hobby montageWikipedia defines a hobby as “an activity, interest, enthusiasm, or amateur pastime that is undertaken for pleasure or relaxation, typically done during one’s leisure time.” The entry categorizes hobbies as Collection, Competition, or Observation hobbies, with indoor and outdoor subsets of each. Writing, though it usually occurs indoors, doesn’t fit cleanly in any of the prime categories, since it’s not really about collection, competition, or observation (though it has elements of each).

Unfortunately, there doesn’t seem to be a definitive study of the most popular hobbies, and the various website lists are all different. On the lists I’ve found, the following hobbies seem to keep cropping up as the most prevalent: Reading, Watching TV, Family time, Fishing, Going to movies, Gardening, Computer activities, Walking, Team Sports, Exercise, Renting movies, Listening to music, Golf, Traveling, and Entertaining.

I was intrigued to see Reading as #1 in a couple of lists; great news for writers! I also noticed how the most popular hobbies are low- or no-cost activities; no wonder they’re popular!

I found a list of hobbies that actually make money, and writing comes in at #3 on that list: Web design, Photography, Writing/Editing, Crafts, Coaching sports, Playing guitar, Organizing, Baking, Walking Dogs, and Shopping.

By definition, hobbies are for pleasure and relaxation, not necessarily for earning money, but it is an added bonus if your hobby pays you. And writing certainly can. For many writers, their dream is to shift their hobby to their livelihood, and that is possible.

How, then, does writing stack up against other hobbies? Some may consider these to be its disadvantages:
• It’s solitary
• It’s sedentary
• It requires some talent, or the willingness to develop talent
• It may take years before you’re published, or paid for your writing

Regarding those first two, you could always supplement with another hobby to make up for them.

On the positive side, writing has the following advantages:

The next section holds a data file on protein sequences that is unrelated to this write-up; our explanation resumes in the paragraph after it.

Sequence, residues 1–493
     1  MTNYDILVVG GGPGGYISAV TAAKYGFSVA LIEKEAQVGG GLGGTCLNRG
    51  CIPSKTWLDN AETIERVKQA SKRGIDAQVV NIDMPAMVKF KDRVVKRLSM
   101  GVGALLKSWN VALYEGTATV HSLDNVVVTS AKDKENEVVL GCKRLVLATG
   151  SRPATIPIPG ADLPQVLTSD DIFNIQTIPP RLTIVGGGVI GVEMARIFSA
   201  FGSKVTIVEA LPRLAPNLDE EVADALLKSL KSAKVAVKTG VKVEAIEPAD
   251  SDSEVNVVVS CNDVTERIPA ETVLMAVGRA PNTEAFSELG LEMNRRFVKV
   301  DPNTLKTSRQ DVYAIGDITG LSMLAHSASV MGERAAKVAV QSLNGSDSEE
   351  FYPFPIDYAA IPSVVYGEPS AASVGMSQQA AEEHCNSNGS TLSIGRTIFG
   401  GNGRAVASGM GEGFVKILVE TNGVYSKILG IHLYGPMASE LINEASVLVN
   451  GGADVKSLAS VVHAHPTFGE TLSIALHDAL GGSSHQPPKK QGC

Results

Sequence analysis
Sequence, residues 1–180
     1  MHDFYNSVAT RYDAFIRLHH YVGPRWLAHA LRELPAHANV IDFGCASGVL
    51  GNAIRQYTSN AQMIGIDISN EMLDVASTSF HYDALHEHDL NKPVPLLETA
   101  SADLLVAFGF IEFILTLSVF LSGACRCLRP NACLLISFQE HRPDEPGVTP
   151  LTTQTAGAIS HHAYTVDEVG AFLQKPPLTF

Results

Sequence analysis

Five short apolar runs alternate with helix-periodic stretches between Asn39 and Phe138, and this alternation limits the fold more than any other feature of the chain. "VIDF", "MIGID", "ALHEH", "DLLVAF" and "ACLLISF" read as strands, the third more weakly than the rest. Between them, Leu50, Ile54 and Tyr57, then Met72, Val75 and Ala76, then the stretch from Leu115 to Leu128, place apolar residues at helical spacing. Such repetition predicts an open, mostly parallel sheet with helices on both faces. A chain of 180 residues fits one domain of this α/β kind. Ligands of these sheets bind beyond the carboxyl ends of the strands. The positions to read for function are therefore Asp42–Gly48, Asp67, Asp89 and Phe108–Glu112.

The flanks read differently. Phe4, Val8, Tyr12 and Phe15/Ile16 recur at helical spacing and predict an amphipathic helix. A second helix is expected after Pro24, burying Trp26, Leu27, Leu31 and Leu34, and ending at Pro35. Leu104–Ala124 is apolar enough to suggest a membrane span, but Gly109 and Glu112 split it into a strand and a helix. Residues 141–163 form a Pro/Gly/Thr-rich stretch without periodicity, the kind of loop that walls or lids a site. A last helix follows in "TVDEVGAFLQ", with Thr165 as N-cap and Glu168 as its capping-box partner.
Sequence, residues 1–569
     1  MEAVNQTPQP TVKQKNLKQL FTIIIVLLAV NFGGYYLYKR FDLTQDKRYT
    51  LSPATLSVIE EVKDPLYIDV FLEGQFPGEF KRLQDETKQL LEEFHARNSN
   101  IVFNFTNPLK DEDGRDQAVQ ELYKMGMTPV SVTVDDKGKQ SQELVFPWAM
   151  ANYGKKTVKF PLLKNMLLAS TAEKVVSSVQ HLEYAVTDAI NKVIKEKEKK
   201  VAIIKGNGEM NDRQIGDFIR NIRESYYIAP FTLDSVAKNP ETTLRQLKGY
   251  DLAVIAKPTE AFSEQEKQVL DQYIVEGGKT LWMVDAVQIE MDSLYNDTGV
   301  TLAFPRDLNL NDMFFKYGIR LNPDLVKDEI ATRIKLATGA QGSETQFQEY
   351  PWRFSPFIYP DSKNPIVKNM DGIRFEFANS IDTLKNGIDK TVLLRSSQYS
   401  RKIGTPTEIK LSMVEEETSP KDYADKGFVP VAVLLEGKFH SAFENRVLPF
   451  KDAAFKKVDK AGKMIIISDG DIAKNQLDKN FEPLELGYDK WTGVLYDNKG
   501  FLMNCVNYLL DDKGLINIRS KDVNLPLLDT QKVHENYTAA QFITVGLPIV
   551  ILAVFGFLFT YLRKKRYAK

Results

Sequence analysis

• As discussed already, you can earn money
• It’s relaxing
• It’s a wonderful outlet for creative impulses; you create people and worlds
• There are few joys that can compare with getting a story accepted, and then seeing your name in print

As hobbies go, writing may not be for everyone, but you might end up loving it as much as—

Poseidon’s Scribe

November 23, 2014Permalink

The Story behind “Time’s Deformèd Hand”

You were wondering about this new story of mine, “Time’s Deformèd Hand,” so I’ve written this blog post to answer all your questions. It’s the least I can do to satisfy your curiosity. Luckily for both of us, the post contains no spoilers.

Q: What’s the book about?

A: Here’s a short book blurb: “Time for zany mix-ups in a clock-obsessed village. Long-separated twins, giant automatons, and Shakespeare add to the madcap comedy. Read it before it’s too late!”

Q: What’s with the weird title, and why is there a grave accent mark in the word ‘deformed?’
A: The title is stolen from Shakespeare’s “The Comedy of Errors.” In fact, I pretty much ripped off the Bard’s whole play. The story has many, many references to time, clocks, and calendars, and all the sorts of errors associated with time measurement, so the title is appropriate. The grave accent mark (`) means to pronounce that usually-silent ‘e’ as you would in ‘scented,’ to make the poetic rhythm come out right.

Q: What made you think of writing it?

A: I got the idea, somehow, to combine Shakespeare and clockpunk. I wanted the tale to be lighthearted, so I picked one of Shakespeare’s comedies. Having raised a set of identical twins myself, I was drawn to “The Comedy of Errors” due to all its mistaken-identity gags. Rather than two sets of identical twins separated at birth, I thought I’d have just one set, but each young man has a clockman, and all clockmen are identical.

Q: What are clockmen?

A: In my story, clockmen are clockwork automatons, invented by Leonardo da Vinci a century before my story. They’re eight feet tall, with an outer shell of wood covering the metal gears, ratchets, and cogs. They display a clock on their chest, and have a large, wind-up key protruding from their back. Due to a special property of a certain kind of wood, clockmen are sentient, though they seem dull-witted.

Q: What are the story’s strangest characters?

A: First, I’d have to say the town’s Wachmeister, or constable. Wachmeister Baumann is pompous, and also overconfident, considering he can’t seem to correctly pronounce any policing terms. Then there’s the proprietor of the city’s clockman repair shop, a certain William Shakespeare. Herr Shakespeare had moved from England to this Swiss village. For a repairman, he has the rather odd habit of speaking in iambic pentameter, and a deep understanding of human nature.

Q: What do you mean by ‘many references to time?’